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Difference between hiv and blood cancer

Currently, antiretroviral drugs slow down replication of the virus and can greatly enhance quality of life, but they do not eliminate HIV infection. The antiretroviral therapy recommended for HIV infection is referred to as highly active antiretroviral therapy HAARTwhich uses a combination of medications to attack HIV at different points in its life cycle. DPCs have difference between hiv and blood cancer responsibility for intervention in cases of child abuse and neglect, including investigating cases of suspected abuse or neglect, and providing services to the child and his or her family.

It works to attract, manage and disburse additional resources to make a sustainable and significant contribution to mitigate the impact caused by HIV, tuberculosis, and malaria in countries in need, while contributing to poverty reduction as part of the Millennium Development Goals. HIV:The human immunodeficiency virus. An HIV-negative person can be infected if he or she is in the window period between HIV exposure and detection of antibodies.

Synonymous with seropositive. Test may occasionally show false difference between hiv and blood cancer results. National Authority for Persons with Handicap Autoritatea Naţională pentru Persoanele cu Handicap, ANPH :The highest administrative body charged with addressing disability issues, including diagnosis, drafting budgets, developing and coordinating policy, and collecting statistics.

The Ministry of Health dissolved the committee in mid, merging its mandate with that of the broader Ministry of Health Commission on Infectious Diseases. The commission is under the authority of the prime minister, and in addition to government agencies includes representatives from nongovernmental organizations, people living fructe detoxifiere ficat HIV, and has as observers UN agencies, the private sector, and donors.

Its powers include investigating individual cases of discrimination, issuing sanctions in cases of discrimination, and proposing affirmative actions and special measures for the protection of persons confronted with rejection and marginalization.

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National Health Insurance House, Casa Naţională de Asigurări de Sănătate, CNAS :An independent government agency charged with administering the social health insurance system, including the social health insurance fund. Opportunistic Infections:Illnesses caused by various organisms, some of which usually do not cause disease in persons with healthy immune systems.

Persons living with advanced HIV infection may suffer opportunistic infections of the lungs, brain, eyes and other organs. Opportunistic illnesses common in persons diagnosed with AIDS include Pneumocystis carinii pneumonia; cryptosporidiosis; histoplasmosis; other parasitic, viral and fungal infections; and some types of cancers. Phare:One of the three pre-accession instruments financed by the European Union to assist the applicant countries of Central and Eastern Europe in their preparations for joining the European Union.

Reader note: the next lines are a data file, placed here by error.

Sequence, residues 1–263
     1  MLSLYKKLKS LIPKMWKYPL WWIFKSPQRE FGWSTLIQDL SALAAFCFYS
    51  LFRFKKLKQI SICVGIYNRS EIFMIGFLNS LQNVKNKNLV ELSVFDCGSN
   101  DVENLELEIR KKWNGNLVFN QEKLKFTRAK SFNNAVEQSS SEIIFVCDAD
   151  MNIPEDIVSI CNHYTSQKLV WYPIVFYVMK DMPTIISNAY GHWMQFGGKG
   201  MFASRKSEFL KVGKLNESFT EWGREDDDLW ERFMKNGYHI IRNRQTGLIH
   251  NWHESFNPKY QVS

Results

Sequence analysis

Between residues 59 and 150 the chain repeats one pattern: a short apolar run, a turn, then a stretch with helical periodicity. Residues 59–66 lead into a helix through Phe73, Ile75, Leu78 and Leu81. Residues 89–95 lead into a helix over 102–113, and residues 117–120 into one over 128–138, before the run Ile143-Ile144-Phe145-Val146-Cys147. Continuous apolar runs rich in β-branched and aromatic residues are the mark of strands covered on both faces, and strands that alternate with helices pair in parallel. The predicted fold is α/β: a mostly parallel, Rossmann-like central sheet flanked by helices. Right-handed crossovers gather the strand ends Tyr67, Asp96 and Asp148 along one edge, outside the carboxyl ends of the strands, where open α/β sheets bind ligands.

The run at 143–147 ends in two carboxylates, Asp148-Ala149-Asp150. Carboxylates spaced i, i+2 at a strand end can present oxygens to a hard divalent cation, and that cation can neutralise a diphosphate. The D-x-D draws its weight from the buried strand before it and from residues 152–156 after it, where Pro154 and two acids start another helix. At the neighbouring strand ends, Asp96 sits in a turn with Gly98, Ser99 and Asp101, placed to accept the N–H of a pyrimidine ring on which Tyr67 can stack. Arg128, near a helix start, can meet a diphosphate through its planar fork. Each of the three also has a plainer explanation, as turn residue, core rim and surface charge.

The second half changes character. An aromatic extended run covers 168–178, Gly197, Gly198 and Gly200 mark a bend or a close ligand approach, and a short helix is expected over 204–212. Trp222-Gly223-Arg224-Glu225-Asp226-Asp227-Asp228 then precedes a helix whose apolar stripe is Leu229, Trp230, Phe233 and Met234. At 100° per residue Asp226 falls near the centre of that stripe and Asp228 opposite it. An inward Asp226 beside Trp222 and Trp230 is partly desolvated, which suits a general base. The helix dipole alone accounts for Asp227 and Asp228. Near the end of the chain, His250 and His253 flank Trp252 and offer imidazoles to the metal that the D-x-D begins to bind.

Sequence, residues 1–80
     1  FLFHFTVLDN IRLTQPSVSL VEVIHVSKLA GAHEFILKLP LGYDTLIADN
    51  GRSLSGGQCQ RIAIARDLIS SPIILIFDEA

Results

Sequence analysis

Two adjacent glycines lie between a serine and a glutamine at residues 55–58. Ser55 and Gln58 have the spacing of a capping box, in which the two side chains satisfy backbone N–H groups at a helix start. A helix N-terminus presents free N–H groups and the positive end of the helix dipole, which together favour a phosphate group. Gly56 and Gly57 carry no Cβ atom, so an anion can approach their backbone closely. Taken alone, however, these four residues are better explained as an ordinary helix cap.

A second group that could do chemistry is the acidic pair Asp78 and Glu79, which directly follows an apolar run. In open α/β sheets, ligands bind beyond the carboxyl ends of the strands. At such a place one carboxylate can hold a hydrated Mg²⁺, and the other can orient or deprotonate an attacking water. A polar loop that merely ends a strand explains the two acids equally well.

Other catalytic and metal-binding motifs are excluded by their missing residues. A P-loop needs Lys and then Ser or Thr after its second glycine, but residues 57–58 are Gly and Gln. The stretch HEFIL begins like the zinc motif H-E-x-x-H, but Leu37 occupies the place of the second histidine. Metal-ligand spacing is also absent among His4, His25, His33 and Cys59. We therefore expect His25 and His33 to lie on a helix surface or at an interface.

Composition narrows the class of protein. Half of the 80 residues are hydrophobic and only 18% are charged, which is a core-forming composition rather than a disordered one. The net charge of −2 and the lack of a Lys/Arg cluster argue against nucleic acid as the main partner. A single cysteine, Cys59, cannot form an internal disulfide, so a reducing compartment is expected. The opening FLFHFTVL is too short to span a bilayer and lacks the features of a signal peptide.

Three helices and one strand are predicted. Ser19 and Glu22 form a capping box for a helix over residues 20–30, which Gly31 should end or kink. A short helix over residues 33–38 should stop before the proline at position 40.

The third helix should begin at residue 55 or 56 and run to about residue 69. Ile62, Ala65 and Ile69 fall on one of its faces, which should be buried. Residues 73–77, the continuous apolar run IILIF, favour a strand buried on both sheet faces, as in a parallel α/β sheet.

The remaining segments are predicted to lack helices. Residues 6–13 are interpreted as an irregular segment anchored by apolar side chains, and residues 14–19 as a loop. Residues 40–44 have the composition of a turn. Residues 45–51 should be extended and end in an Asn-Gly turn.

Difference between hiv and blood cancer programs aim to strengthen public administration and institutions, promote convergence with the European Union's extensive legislation, and promote economic and social cohesion. Universal Precautions:Standard infection control practices to be used universally in healthcare settings to minimize the risk of exposure to pathogens, e.

difference between hiv and blood cancer

Summary Life doesn't wait for these children. We understand that this country has problems but we are one of the problems and we need a share of the attention.

We need them to listen to us. They are Romania's miracle children, the survivors among the more than 10, children infected with HIV between and in hospitals and orphanages as a direct result of government policies that resulted in large numbers of children being exposed to contaminated needles and "microtransfusions" of unscreened blood.

A key aspect in this medical miracle has been the early provision and progressive expansion of access to antiretroviral drugs. Romania has been rightfully praised for being the first country in Eastern Europe to provide difference between hiv and blood cancer access to antiretroviral therapy.

But the commitment to universal access to antiretroviral therapy has not been matched by an equal commitment to combat the pervasive stigma and discrimination against people living with HIV that frequently impede their access to education, medical care, government services, and employment.

Even more troubling, there is no government plan in place to ensure that the thousands of children living with HIV who are aging difference between hiv and blood cancer of existing social protection programs have the skills and support necessary to become productive, integrated adult members of Romanian society.

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Fewer than 60 percent of Romanian children living with HIV attend any form of schooling, despite legislation providing for free and compulsory education through tenth grade or until age eighteen. Romanian law bars children who are more than two years older than their grade level from attending mainstream classes, making many children living with HIV "too old" because they have fallen behind due difference between hiv and blood cancer long periods of hospitalization or substandard educational programs in government institutions.